Noe’s car­ries this season haven’t been dra­matic. He had just 20 yards on 15 runs through the first eight games, but if op­po­nents over­look him that could be their un­do­ing. As a fresh­man on the ju­nior high team Noe ran 90 times for 728 yards, av­er­ag­ing 8.1-yards-per-rush with 7 touch­downs. He is a big fan of Dal­las Cowboys running back Ezekiel El­liot.

“I have re­ally been drawn to Ezekiel El­liot,” Noe said. “Ezekiel El­liot is a hard run­ner. He knows what he’s do­ing. He has a mind for the game and he’s very smart. I love his burst of speed when he gets open and I love the way he cuts, when he finds the holes real fast, and I think that I have the same thing. I mean I pick up on the holes pretty fast and I just burst out of there.”

Throw­ing Me­chan­ics

Dur­ing Noe’s sev­en­t­hand eighth-grade sea­sons he backed up Brewer and played quar­ter­back a lot in mop-up si­t­u­a­tions when the ju­nior Wolves held a big lead. For­mer Lin­coln of­fen­sive co­or­di­na­tor Tyler Dor­ton took Noe un­der his wing and taught him the me­chan­ics of throw­ing a foot­ball.

“I come in and I prac­tice quar­ter­back. Tyler Dor­ton our coach from seventh grade, he was the one that got me into it,” Noe said. “He was the one that spent time with me and got me to learn how to throw, how to re­lease the ball, and how to do all that. So, that’s where it started. I like quar­ter­back.”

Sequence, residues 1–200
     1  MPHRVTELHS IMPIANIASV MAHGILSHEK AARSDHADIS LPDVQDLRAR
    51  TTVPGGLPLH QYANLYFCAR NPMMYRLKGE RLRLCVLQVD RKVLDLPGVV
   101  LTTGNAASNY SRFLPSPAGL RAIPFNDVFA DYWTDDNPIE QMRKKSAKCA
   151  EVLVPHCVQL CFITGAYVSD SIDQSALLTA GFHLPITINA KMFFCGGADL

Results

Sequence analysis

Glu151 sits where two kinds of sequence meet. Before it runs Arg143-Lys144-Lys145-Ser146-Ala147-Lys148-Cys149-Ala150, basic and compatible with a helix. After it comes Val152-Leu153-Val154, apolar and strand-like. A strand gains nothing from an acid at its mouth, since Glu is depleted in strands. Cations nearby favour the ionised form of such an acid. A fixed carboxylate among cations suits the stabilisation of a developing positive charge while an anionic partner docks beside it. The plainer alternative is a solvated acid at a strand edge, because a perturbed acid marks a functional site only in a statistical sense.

Noe’s com­ple­tion per­cent­age over the course of his eighth-grade season was 10-for-10 in a backup role.

“That season right there, when I get the chance to play quar­ter­back I want to do the best what I can out there,” Noe said. “Like I said, it’s some­thing I re­ally wanted to play be­fore.”

Yearn­ing To Pass

Noe’s de­sire to throw the foot­ball and his ca­pa­bil­ity has not gone un­no­ticed by Lin­coln’s staff.

“Ev­ery time I get a chance to go out there, I’m al­ways ask­ing Coach (Dor­ton), ‘Can I go play quar­ter­back?’ and he says, ‘yeah’; and he throws me in there so I want to do the best I can out there.”

Noe was throw­ing to very ca­pa­ble class­mates, ath­letic re­ceivers Daytin Davis and Eli Rich. Both have played mainly de­fense this season, but Davis caught a 20-yard touch­down pass from Brewer against Shiloh.

“They caught some of those passes and they’re re­ally good,” Noe said. “They’re re­ally good re­ceivers and I knew I can trust them and I knew where they were running so I knew where to put it. They got the ball and they gained some yards. I’m pretty con­fi­dent in those guys.”

Noe got op­por­tu­nity to throw the foot­ball this season on a trick play to start the Wolves’ Homecoming game against Ber­ryville. He com­pleted a 42-yard pass to Blake Arnold and re­mains a threat to throw.

Place Kicker

Lin­coln head coach Don Har­ri­son likes Noe as a place-kicker.

“(He’s) got a strong foot, played soc­cer his whole life, so we use him to kick,” Har­ri­son said.